Contrary to what many consumers think, "shearling" is not sheared wool; the term refers to the sheep. A shearling is a yearling sheep who has been shorn once. A shearling garment is made from a sheep or lamb shorn shortly before slaughter; the skin is tanned with the wool still on it.
Angora rabbits are strapped to a board for shearing, kicking powerfully in protest. The clippers inevitably bite into their flesh, with bloody results. Angoras have very delicate foot pads, making life on a wire cage floor excruciating and ulcerated feet a common condition. Because male angoras have only 75 to 80 percent of the wool yield of females, on many farms they are killed at birth.
The market for alpaca exploded in the 1980s, when South American alpacas and llamas were marketed worldwide to entrepreneurs who bought into the vision of a ground-floor investment in a luxury fiber market. The craze subsided but breeding continues, and unwanted animals are now routinely put up for auction. Llama sanctuaries and rescue operations have sprung up in the wake of the breeding craze to handle the growing number of abused, neglected animals.
Shahtoosh, used to make "fashionable" shawls, is made from the endangered Tibetan antelope, or chiru. Chiru cannot be domesticated and must be killed in order to obtain their wool. Illegal to sell or possess since 1975, shahtoosh shawls did a brisk business on the black market throughout the 1990s, selling for as much as $15,000 apiece as the Tibetan antelope's population plummeted to fewer than 75,000.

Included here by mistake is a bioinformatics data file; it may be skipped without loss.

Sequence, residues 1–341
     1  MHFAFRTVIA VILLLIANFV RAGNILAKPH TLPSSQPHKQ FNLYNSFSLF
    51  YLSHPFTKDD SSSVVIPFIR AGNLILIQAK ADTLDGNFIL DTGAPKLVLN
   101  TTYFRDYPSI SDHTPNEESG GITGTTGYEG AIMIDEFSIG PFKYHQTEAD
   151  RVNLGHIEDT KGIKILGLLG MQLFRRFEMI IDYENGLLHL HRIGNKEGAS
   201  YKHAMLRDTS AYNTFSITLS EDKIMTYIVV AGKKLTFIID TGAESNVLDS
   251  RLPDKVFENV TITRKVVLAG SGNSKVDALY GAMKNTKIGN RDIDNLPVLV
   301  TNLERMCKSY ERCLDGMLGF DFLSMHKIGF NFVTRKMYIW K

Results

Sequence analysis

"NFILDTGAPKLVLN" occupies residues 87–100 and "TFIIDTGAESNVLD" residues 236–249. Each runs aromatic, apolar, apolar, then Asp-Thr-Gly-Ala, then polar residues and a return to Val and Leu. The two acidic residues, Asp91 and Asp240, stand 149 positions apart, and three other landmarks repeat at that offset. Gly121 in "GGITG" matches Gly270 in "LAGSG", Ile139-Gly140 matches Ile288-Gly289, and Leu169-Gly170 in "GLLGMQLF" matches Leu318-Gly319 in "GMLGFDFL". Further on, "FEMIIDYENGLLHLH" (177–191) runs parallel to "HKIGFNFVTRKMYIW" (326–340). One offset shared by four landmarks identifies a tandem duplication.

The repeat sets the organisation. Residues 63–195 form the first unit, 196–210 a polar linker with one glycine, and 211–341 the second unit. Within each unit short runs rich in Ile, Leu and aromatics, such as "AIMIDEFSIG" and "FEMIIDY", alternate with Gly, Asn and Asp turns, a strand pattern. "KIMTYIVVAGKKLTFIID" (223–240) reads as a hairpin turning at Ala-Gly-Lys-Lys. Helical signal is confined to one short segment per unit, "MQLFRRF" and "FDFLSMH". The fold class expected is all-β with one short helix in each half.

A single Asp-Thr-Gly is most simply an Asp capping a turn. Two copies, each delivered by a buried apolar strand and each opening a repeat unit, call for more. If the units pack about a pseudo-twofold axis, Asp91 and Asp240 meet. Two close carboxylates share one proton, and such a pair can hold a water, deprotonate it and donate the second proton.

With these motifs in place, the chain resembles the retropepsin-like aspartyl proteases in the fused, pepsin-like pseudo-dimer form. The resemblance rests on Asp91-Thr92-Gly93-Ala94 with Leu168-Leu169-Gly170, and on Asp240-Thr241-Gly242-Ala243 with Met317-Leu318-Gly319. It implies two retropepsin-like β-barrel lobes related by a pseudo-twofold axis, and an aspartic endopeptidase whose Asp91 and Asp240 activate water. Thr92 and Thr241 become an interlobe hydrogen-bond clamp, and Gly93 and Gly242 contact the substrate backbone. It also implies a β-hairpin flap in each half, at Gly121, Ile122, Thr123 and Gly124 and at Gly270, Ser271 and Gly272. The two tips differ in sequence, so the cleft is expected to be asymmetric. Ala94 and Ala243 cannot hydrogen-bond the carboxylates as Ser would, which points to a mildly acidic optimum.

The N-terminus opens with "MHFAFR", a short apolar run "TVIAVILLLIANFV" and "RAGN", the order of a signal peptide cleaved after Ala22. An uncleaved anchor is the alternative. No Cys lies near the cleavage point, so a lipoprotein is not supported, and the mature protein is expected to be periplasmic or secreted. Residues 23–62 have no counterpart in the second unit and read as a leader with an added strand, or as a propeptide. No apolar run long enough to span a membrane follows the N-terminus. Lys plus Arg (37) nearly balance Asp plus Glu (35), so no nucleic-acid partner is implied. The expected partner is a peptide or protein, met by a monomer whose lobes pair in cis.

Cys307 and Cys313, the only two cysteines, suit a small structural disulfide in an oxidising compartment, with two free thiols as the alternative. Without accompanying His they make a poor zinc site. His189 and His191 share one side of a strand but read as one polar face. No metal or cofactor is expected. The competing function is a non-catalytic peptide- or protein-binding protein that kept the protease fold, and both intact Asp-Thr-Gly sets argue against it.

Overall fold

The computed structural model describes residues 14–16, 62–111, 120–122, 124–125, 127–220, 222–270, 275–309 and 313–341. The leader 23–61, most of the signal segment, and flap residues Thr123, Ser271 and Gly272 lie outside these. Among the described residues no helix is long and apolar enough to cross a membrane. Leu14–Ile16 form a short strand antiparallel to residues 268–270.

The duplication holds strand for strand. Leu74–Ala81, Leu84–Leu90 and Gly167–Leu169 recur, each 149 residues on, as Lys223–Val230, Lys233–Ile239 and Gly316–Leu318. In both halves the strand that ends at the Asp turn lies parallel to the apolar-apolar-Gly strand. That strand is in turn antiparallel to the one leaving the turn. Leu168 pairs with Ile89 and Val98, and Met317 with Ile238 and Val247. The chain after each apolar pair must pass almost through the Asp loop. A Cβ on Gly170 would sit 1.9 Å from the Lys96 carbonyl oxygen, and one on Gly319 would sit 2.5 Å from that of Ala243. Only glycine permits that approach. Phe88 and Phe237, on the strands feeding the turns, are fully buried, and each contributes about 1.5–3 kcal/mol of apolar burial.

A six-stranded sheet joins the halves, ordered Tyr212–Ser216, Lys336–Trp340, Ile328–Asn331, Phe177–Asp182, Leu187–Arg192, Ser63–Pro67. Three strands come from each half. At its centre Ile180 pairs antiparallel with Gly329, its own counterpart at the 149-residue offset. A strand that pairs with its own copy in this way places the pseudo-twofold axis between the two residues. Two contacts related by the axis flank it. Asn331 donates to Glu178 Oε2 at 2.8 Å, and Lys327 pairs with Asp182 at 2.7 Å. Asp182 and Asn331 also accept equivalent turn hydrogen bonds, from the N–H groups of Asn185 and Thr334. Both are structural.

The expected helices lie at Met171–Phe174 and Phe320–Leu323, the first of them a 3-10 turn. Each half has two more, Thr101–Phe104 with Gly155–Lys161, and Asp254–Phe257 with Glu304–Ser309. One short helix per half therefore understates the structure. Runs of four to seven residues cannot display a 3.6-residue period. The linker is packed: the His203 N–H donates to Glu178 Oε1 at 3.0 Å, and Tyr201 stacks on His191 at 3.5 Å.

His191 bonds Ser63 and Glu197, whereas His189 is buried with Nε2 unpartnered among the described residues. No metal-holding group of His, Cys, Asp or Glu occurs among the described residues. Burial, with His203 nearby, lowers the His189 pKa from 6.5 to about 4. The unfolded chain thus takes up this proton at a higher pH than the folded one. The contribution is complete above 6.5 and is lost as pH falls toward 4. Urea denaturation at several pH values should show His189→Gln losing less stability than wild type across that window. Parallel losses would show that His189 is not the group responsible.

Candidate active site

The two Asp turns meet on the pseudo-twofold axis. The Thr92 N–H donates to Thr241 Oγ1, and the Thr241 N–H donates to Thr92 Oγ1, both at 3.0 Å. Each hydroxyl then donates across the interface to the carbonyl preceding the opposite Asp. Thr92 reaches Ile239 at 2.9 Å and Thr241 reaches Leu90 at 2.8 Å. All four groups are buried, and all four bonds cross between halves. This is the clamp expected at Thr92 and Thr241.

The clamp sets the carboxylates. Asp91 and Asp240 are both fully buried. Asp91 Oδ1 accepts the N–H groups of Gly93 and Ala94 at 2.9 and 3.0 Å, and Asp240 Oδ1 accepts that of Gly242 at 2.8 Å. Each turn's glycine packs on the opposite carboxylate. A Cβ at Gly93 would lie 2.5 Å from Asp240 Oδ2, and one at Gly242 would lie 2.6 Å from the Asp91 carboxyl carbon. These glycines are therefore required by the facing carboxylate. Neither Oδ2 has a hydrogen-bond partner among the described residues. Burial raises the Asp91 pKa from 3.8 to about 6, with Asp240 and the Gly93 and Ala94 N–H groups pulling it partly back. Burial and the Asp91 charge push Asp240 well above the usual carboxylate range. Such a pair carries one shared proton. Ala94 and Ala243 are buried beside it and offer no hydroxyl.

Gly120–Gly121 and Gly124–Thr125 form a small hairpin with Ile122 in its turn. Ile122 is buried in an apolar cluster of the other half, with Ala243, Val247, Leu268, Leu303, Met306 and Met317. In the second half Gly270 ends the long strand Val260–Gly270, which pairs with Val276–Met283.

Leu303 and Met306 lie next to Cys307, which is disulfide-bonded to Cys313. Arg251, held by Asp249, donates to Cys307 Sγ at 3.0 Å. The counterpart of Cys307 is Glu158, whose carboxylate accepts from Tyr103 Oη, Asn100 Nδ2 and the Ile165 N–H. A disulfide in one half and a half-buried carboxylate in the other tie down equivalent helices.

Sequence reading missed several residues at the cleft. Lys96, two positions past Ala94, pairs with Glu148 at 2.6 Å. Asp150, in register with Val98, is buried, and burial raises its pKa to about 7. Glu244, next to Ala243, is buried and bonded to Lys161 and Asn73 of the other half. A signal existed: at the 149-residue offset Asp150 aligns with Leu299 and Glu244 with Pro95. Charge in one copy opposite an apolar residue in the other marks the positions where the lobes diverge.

A raid of a 1994 charity event in New York by the U.S. Fish and Wildlife Service resulted in subpoenas issued to supermodels and socialites who purchased the shawls and the first criminal prosecutions for the sale of the "fabric." In April 2000, British authorities prosecuted a London trading company for illegal possession of 138 shawls-representing 1,000 antelope pelts. Despite the ban on shahtoosh in India, a thriving black market still caters to customers in London, New York, and Los Angeles, who will pay as much as $17,000 for a shawl. As many as 20,000 chiru are killed every year for their wool, a rate that will wipe out the species by 2011 if left unchecked.
Click here to find out about Cashmere and other kinds of wool.
Click here to find out about alternatives to wool and to view our "Shopping Guide to Compassionate Clothing."